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Springfield Museums, Astronomy Day

May 18 @ 10:00 am - 5:00 pm EDT

Part of a nationwide, grass-roots movement to bring astronomy to the people! Enjoy cosmic activities including hands-on science experiments, rooftop observatory tours, and more. Free with museum admission (unless noted otherwise).

Highlights and ongoing activities of the day are included below.

Today’s Highlights

Dave Kelly, Master Telescope Maker, 11 am-3 pm
Dave Kelly’s telescopes are works of art in addition to being fully functioning telescopes. In case of fine weather, we will enjoy his masterpieces outside, for safe viewing of the Sun and the Moon. In case of clouds, we will display them inside along with a slide show demonstrating how they were built. Dave available to meet our visitors, answer questions, and encourage them to try their hand at building their own telescope. Quadrangle (Rain location: Science Workshop, Second Floor, Springfield Science Museum)

Observatory Tours, 11 am-12 pm and 3-4 pm
The Science Museum’s rooftop observatory was built and donated by amateur astronomers from Springfield! Tour the observatory to see our twenty-inch Schmidt-Cassegrain telescope and take in one of the most beautiful views of Springfield from the dome’s opening. Meet in Astronomy Hall, Second Floor, Springfield Science Museum

Features of the Moon, 1 pm
Our moon is covered with craters, mountains peaks, valleys, bays, and even lava seas! Work together to learn about how these unique features formed and use Moon Sand and simple tools to try to replicate them. Led by Richard Sanderson, Adjunct Curator of Physical Science and Jenny Powers, Director of the Springfield Science Museum. Please note: This activity has a firm start time with limited seating, please arrive a few minutes early to receive your materials and be seated. Tolman Hall, First Floor, Springfield Science Museum

Journey to Mars: Special Edition Live Planetarium Show, 2 pm
Tickets Required; additional fee
STEM Curator Kevin Kopchynski takes you on a virtual journey to Mars using full-dome simulations from NASA. Learn about the history of the Red Planet and enjoy breath-taking views of the Olympus Mons and a thrilling ride through the Vallis Marineris. Seymour Planetarium, Second Floor, Springfield Science Museum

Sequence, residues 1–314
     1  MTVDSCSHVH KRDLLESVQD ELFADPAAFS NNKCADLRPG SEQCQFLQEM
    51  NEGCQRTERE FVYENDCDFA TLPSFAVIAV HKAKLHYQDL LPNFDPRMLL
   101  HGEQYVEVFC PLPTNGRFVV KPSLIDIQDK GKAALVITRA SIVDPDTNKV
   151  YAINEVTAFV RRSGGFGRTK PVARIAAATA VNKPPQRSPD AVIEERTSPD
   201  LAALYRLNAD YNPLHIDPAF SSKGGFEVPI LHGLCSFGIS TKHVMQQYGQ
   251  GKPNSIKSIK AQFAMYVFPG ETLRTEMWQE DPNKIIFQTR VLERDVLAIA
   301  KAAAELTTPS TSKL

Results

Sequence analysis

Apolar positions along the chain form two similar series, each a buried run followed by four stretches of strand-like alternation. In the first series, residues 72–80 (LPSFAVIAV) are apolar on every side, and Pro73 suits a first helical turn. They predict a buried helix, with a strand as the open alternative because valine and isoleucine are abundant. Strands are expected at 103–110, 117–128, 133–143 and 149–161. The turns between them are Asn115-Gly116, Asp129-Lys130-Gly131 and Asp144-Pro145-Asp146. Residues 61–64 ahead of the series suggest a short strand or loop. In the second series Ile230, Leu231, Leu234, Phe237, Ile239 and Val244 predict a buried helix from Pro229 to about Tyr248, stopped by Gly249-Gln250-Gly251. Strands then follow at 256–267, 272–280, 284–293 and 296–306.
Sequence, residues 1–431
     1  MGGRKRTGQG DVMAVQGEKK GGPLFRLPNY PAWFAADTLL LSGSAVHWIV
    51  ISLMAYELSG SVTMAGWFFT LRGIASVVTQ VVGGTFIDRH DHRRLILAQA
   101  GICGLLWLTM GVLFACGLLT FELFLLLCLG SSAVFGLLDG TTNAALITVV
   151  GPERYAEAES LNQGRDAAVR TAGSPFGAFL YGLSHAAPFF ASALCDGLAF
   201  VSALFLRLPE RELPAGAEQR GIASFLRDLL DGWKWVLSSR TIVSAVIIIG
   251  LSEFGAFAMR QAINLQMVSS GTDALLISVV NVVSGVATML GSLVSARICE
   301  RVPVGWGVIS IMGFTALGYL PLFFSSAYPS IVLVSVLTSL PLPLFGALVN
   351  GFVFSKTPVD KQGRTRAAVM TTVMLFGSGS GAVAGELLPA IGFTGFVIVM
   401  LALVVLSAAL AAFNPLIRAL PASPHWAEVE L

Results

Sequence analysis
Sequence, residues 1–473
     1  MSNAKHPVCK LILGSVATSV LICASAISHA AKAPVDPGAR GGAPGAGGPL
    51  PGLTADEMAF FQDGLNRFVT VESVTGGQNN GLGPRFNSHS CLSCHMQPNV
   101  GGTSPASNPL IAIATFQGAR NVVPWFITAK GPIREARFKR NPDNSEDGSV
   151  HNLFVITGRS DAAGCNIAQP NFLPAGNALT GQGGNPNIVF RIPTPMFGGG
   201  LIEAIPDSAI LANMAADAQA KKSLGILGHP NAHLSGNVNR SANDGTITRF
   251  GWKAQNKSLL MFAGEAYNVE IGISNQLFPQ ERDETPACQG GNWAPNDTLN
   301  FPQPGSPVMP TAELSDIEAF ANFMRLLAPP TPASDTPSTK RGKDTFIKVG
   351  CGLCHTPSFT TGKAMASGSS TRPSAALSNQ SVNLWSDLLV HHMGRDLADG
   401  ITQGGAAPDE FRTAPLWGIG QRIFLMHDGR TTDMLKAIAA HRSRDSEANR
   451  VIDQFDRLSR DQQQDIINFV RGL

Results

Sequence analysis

Ongoing Activities, 11 am-3 pm

Meet the STARS Club
The Springfield STARS Club is turning 90 years old this year! Meet members who will share their interests or special collections, from meteorites to binoculars to astrophotography. Learn more about what the club does and how they’ve shared their love of the night sky with thousands of people in the last year. Astronomy Hall, Second Floor, Springfield Science Museum

Orbiting Object
How do the planets, asteroids, and moons stay in orbit in our solar system? What effects do they have on each other, any? Using a gravity well and balls of different sizes and density, our friend museum educators will help answer these questions and more about how our solar system works. Habitat Hall, First Floor, Springfield Science Museum

Make a 3D Leo the Lion
Create this special art project representing one of the zodiac constellations that appears during Spring and Summer. Using card stock and silver start stickers, make your own stand-up representation of Leo to take home. Habitat Hall, First Floor, Springfield Science Museum

Touchable Astronomy
Explore meteorites and the Museum’s new fully tactile moon model and learn more about our universe through touch. Explore our recent eclipse, constellations, a nebula, and galaxies all through touch at this table. Habitat Hall, First Floor, Springfield Science Museum

A Breath of Fresh Air
How does air get cleaned and refreshed on the International Space Station? How does urine get recycled into fresh water for the astronauts to use? Take part in this chemistry experiment to learn more about life on the ISS. Habitat Hall, First Floor, Springfield Science Museum

Spacesuit Cart
How can water boil with no heat? What materials are used to make a spacesuit safe for life outside of our atmosphere? Join our volunteer docent to learn more about how human life is sustained in outer space, and what technology makes this possible. International Space Station Exhibit, Second Floor, Springfield Science Museum

Astronomy Day 2022

Astronomy Day is a national event that was started in 1973 by Doug Berger, the president of the Astronomical Association of Northern California. His intent was to set up various telescopes in busy urban locations so that passersby could enjoy views of the heavens. Over the years, Astronomy Day has grown into an international event, with hundreds of museums, planetariums, and astronomy clubs participating. The Springfield Museums have been celebrating for many years, introducing thousands of people to the stars.



May 18
10:00 am - 5:00 pm EDT


Springfield Museums
21 Edwards Street
Springfield, MA 01103
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(413) 263-6800
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